“Dogwood” timber harvest plan lawsuit ends with logging permit vacated by CAL FIRE

Update on round 2 of this fight:

As an update on the Felta Creek logging plan (known as 1-17-017Son, Fox Meadows), we are in round two with setting up the record for a challenge to the plan.  The public record has now closed a second time and there are about 130 comments from the public, experts and attorneys. We now wait to see if they can adequately address the issues to approve, deny or request more information and/or studies from the applicant.
The Donations button for Friends of Felta Creek has been set up on the Forest Unlimited website: www.forestunlimited.org/news
Ignore the general donations button at the top of the page and scroll to the end of the article about Felta Creek logging where there is a “How you can help” with a PayPal button that designates funds for Friends of Felta Creek. There is an option for Debit or Credit Card and also an option to leave special instructions for funds.
Alternatively, donations can be made by writing a check via postal mail:  Forest Unlimited, PO Box 506, Forestville CA 95436 with Friends of Felta Creek in the MEMO line.arry Hanson, Forest Unlimited
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Friends of Gualala River
Forest Unlimited
California Native Plant Society

MEDIA RELEASE

PDF version

Date: September 26, 2017

The lawsuit to stop logging the Gualala River floodplain redwood forest tract in the “Dogwood” timber harvest plan (THP) is over.

CAL FIRE was ordered by Sonoma County Superior Court to vacate (revoke) the Gualala Redwood Timber Company timber harvest plan on April 18, 2017. CAL FIRE finally responded to the writ sending a “Notice of Director’s Decision Vacating Approval” to GRT’s forester Art Haschak on September 7, 2017, prohibiting any further logging in the Dogwood THP area. GRT must now file a new timber harvest plan if it seeks to log some or all of the floodplain redwood forest in the vacated “Dogwood” THP.

The Dogwood THP was shut down by the Court after logging on one tributary had begun. The five miles of riparian redwood forest along the main stem of the river in the Dogwood THP area has not been logged.

In March, the court also ordered CAL FIRE to “reconsider” its approval of the Dogwood THP within 150 days. The Court entered judgment against CAL FIRE on March 23, 2017, based on the agency’s failure to assess any cumulative impacts of another floodplain timber harvest plan submitted by Gualala Redwood Timber during the Dogwood timber harvest plan review period, the “German South” THP.

While environmentalist plaintiffs are celebrating their victory, and the fact that the century-old floodplain redwood forest in the Dogwood THP area will be spared for now, they remain concerned CAL FIRE has not improved or reformed its environmental reviews of floodplain forest logging.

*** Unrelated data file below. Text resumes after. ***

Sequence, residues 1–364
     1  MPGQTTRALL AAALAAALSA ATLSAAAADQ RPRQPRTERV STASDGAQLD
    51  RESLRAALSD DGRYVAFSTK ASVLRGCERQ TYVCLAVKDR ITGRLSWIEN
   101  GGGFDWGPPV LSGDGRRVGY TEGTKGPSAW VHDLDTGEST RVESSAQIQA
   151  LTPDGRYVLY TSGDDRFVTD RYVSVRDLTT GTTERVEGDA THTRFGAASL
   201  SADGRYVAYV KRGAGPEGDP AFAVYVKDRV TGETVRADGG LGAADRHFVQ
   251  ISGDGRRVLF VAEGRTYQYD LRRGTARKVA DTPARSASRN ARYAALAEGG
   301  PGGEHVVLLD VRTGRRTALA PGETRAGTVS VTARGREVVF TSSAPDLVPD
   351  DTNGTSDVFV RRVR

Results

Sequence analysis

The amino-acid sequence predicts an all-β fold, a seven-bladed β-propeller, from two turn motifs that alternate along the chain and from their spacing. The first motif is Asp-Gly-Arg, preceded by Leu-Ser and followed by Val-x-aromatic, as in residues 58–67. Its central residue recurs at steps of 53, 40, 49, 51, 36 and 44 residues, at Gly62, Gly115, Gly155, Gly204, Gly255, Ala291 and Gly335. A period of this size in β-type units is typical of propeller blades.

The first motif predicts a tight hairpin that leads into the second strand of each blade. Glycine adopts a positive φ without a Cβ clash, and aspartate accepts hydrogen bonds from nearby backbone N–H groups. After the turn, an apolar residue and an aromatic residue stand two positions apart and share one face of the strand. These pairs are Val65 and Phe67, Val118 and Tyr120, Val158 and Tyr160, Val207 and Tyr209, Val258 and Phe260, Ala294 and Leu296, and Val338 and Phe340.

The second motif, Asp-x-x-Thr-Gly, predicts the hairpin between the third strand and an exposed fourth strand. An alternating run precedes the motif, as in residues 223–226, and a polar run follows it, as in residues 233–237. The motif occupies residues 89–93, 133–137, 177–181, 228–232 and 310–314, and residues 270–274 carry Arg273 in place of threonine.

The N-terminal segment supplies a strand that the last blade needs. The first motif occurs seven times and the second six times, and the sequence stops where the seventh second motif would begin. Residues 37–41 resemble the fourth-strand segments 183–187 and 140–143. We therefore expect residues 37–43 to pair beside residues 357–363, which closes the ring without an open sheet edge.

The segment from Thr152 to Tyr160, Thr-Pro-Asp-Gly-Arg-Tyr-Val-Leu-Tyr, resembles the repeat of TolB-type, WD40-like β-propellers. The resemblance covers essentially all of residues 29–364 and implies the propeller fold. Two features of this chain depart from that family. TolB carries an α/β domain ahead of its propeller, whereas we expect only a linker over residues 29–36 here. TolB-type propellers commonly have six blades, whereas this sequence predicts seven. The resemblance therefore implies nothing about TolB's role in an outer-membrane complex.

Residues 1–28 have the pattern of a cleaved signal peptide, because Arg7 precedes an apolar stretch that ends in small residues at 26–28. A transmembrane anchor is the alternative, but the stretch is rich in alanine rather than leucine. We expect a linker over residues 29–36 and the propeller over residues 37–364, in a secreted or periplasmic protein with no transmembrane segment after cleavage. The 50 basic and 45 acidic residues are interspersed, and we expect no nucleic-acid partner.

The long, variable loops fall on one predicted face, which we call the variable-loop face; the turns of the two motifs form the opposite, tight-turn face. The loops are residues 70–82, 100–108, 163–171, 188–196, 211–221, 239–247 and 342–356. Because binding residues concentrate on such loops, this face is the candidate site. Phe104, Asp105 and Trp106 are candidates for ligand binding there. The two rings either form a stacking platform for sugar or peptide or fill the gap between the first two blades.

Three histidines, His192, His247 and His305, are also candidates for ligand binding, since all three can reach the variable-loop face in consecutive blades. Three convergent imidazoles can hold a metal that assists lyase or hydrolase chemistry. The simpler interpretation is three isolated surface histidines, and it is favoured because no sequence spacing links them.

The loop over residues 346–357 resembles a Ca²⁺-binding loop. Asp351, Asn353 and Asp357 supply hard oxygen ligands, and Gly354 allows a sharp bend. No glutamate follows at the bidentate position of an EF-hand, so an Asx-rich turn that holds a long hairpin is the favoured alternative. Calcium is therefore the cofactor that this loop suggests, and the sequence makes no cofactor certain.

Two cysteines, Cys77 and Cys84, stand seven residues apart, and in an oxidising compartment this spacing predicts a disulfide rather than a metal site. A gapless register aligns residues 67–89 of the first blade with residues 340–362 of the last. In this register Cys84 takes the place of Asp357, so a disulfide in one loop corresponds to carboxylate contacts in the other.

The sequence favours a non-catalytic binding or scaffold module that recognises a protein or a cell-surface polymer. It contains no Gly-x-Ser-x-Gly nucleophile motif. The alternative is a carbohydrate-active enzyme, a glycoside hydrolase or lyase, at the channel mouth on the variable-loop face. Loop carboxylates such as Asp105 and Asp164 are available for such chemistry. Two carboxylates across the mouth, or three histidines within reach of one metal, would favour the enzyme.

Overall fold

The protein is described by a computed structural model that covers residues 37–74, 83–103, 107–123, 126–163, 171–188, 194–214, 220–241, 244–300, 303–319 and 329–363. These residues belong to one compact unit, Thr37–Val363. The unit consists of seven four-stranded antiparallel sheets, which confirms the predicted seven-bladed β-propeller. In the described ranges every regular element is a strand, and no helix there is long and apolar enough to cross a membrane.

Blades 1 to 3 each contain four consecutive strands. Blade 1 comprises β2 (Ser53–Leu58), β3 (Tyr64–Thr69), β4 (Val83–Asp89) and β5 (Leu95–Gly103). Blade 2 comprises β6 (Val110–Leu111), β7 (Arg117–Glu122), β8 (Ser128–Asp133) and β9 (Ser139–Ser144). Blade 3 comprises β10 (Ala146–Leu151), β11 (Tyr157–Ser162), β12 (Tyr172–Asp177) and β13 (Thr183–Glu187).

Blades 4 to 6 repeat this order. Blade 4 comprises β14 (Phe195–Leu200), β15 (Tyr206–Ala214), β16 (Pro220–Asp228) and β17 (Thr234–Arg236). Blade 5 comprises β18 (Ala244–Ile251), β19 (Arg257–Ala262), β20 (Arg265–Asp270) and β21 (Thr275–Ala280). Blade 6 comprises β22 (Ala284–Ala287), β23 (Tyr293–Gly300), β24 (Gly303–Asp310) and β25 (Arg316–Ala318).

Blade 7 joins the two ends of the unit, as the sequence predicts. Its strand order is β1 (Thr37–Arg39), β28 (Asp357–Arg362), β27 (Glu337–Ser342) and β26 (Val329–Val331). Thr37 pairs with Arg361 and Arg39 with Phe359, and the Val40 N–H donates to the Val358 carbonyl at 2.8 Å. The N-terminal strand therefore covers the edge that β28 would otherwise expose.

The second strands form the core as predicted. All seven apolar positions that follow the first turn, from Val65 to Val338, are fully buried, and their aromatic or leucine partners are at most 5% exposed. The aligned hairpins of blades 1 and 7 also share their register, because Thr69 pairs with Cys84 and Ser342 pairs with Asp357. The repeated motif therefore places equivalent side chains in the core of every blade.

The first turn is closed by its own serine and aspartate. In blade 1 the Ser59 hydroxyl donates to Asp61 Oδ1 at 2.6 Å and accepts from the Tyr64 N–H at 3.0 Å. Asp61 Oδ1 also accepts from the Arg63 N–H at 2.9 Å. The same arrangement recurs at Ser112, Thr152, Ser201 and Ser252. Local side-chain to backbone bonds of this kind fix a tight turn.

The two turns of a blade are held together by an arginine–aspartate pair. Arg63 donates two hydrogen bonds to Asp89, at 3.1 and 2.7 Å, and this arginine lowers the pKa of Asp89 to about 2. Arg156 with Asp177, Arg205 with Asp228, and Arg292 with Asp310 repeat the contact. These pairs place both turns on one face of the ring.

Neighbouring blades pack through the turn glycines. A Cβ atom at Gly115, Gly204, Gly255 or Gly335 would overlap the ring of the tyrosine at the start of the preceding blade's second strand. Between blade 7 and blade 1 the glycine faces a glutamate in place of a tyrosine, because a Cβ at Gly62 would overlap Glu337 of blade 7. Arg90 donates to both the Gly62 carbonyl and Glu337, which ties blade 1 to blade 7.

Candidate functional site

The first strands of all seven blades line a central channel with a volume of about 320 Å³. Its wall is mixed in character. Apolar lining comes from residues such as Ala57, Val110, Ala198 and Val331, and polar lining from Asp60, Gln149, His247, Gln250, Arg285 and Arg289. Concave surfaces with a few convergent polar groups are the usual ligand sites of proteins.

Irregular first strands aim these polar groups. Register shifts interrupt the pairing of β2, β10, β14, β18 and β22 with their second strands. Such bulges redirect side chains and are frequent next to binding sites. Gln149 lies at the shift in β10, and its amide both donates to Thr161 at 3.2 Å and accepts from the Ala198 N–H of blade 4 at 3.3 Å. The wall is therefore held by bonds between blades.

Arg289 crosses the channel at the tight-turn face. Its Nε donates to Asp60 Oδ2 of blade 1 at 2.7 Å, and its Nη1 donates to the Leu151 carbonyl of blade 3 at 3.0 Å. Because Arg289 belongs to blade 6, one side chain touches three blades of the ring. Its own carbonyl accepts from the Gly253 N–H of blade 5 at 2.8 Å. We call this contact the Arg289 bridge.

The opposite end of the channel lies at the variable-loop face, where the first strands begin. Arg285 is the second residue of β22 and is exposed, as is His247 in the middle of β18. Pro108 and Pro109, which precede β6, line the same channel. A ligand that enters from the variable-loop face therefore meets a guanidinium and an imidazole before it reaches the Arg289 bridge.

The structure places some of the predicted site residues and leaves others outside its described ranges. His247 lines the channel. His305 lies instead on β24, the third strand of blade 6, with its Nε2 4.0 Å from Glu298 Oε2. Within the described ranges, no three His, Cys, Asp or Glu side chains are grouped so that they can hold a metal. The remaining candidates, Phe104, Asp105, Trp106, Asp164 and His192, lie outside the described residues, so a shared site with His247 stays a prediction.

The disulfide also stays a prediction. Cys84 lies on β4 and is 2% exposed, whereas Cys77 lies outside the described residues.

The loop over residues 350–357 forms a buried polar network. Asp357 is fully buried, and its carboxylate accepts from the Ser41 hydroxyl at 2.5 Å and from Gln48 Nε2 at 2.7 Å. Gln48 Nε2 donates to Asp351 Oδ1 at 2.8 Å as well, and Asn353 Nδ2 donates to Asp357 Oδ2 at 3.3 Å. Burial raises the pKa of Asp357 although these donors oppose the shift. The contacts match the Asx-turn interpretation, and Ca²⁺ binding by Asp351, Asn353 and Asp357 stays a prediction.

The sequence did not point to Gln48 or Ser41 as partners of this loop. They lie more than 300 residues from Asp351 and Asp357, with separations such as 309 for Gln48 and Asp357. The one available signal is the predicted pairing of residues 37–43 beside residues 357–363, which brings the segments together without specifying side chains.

The Court ordered CAL FIRE to “reconsider” approval of the Dogwood THP, including direct, indirect, and cumulative impacts to wetlands, rare plants, floodplain forest, and listed fish and wildlife species. But after being ordered to revoke the logging permit, CAL FIRE and GRT made a minimal, nominal effort to meet this order.

Rather than substantially reconsider or correct the many basic environmental flaws of the timber plan, CAL FIRE and GRT minimally complied with Judge René Chouteau’s order to “reconsider” its approval by submitting only a single supplemental page, three paragraphs long, with minor changes.

“CAL FIRE still isn’t taking seriously its own Forest Practice Rules to properly assess cumulative impacts to critical floodplain forests, as well as not adhering to the California Environmental Quality Act,” said Larry Hanson of Forest Unlimited.

GRT has continued to file multiple floodplain redwood logging plans on the Gualala River after Dogwood, and CAL FIRE has continued to approve them. There is no sign that the agency is reforming its environmental review practices by preparing meaningful cumulative impacts analyses of wetlands, floodplain forest, rare plants, and fish and wildlife, despite losing the Dogwood THP lawsuit.

“The real problem isn’t going to go away until the Board of Forestry and CAL FIRE follow their own rules, including CEQA. Until they do, we are not going away, either” said Charlie Ivor, president of Friends of Gualala River. “The Gualala River floodplain forest is going to be protected according to law, no exceptions.”

 

For more background information on the Dogwood THP lawsuit, visit: www.gualalariver.org

contacts:
Peter Baye, Friends of Gualala River, botanybaye@gmail.com, 415.310.5109
Rick Coates, Forest Unlimited, rcoates@sonic.net, 707.632.6070
Edward Yates, attorney, 415.990.4805

 

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